The Marmalade Murders: A Penny Brannigan Mystery by Elizabeth J. Duncan

The latest book in an award-winning mystery series, celebrated for its small-town charm and picturesque Welsh setting and starring amateur sleuth Penny Brannigan.

The competition is friendly and just a little fierce at the annual Llanelen agricultural show as town and country folk gather for the outdoor judging of farm animals and indoor judging of cakes, pies, pastries, chutneys, jams and jellies, along with vegetables, fruit and flowers. But this year, there’s a new show category: murder.

Local artist, Spa owner, and amateur sleuth Penny Brannigan agrees to help with the intake of the domestic arts entries and to judge the children’s pet competition on show day. When the president of the Welsh Women’s Guild isn’t on hand to see her granddaughter and pet pug win a prize, the family becomes concerned. When a carrot cake entered in the competition goes missing, something is clearly amiss.

A black Labrador Retriever belonging to the agricultural show’s president discovers the body of the missing woman under the baked goods table. A newcomer to town, a transgender woman, is suspected, but amateur sleuth Penny Brannigan believes her to be innocent. She sets out to find the real killer, but when a second body is discovered days later, the case is thrown into confusion, and Penny knows it’s up to her to figure out what happened—and why.


Character Guest Post: Why Wales?

by amateur sleuth, artist, business woman and main character, Penny Brannigan

Elizabeth J. Duncan found me here in North Wales by accident. She was her way to lunch with friends when the driver took a wrong turn and they all ended up in the market town of Llanrwst, where I’d been living for about 25 years. I didn’t meet Elizabeth that day, but I was here.

I found my way to this town by accident, too. As a young Canadian backpacker, I was making my way around Europe, the way you do when you’ve just finished uni and have no job lined up and no prospects of one. But more than that, my degree is in art history and I longed to see the great European masterpieces. So I was on my way through Wales to Holyhead to catch the ferry to Dublin, when I heard about the picturesque stone three-arched bridge in Llanrwst, and as an amateur watercolour artist, I wanted to paint it. As I was sketching, a lovely woman stopped to talk to me and before I knew it, we were chatting away in the tea room beside the bridge over cups of Earl Grey and warm scones with jam and clotted cream.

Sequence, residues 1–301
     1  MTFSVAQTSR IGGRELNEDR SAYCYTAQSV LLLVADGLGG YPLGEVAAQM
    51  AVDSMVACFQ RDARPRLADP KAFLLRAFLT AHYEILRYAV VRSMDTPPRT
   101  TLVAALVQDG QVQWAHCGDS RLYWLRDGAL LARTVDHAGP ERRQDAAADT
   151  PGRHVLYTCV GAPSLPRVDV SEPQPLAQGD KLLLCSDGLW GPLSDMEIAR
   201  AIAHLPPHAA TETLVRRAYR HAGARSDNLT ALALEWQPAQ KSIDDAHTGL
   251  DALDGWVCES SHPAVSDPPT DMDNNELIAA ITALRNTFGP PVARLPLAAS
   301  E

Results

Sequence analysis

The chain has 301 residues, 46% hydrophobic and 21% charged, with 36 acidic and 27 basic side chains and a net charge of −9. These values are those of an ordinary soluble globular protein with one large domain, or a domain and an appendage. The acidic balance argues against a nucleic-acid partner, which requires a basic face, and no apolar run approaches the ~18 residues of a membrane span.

The woman offered to put me up for the night and on my tight budget, I leapt at the chance! Her name was Emma Teasdale, she was a retired school teacher, and probably the kindest person I’ve ever met. Well, that day turned into a week, and a week turned into a month, and I never left Llanrwst. To earn a bit of money I started doing manicures for the ladies in the nursing home, and pretty soon I was running my own little nail bar. Oh, don’t worry. I was legally entitled to work because I was in the UK on a patrial rights visa that some citizens of Commonwealth countries are entitled to, or at least they were back then.

I’m estranged from my family back in Canada. I had a rough childhood, and I was never close to them, so staying on to build a life for myself in the UK made sense at the time, although I never thought too much about it. I just drifted into it, really, and one day I realized I’d never return to Canada. Wales had become my home.

So when Elizabeth eventually found me, I was well established, with a close circle of friends, and although some might think of me as an underachiever, I think of myself as content. The way of life here suits me. The pace may be slower, but I’ve built deep connections with people, who really care about me, as I do them. They’re my family now.

A year or so after discovering the town, Elizabeth started writing the first book in the Penny Brannigan series set in North Wales, and a few months after that, she returned to Llanrwst. The other characters and I watched her walking through the town, as if she were looking for something. She didn’t see us, but we saw her. And now I know what she was looking for. She was looking for us. She might not have seen us, but we were here. In the shops, in the pub, in the tea room, in our homes.

Elizabeth spends the winter in North Wales with us now, and returns to Canada in the spring. But she knows I’ll always be here, right where she found me, waiting to welcome her back in November.



About The Author

Elizabeth J Duncan is the author of two mystery series – Shakespeare in the Catskills and the Penny Brannigan mystery series set in North Wales. She is a two-time winner of the Bloody Words Award for Canada’s best light mystery and lives in Toronto.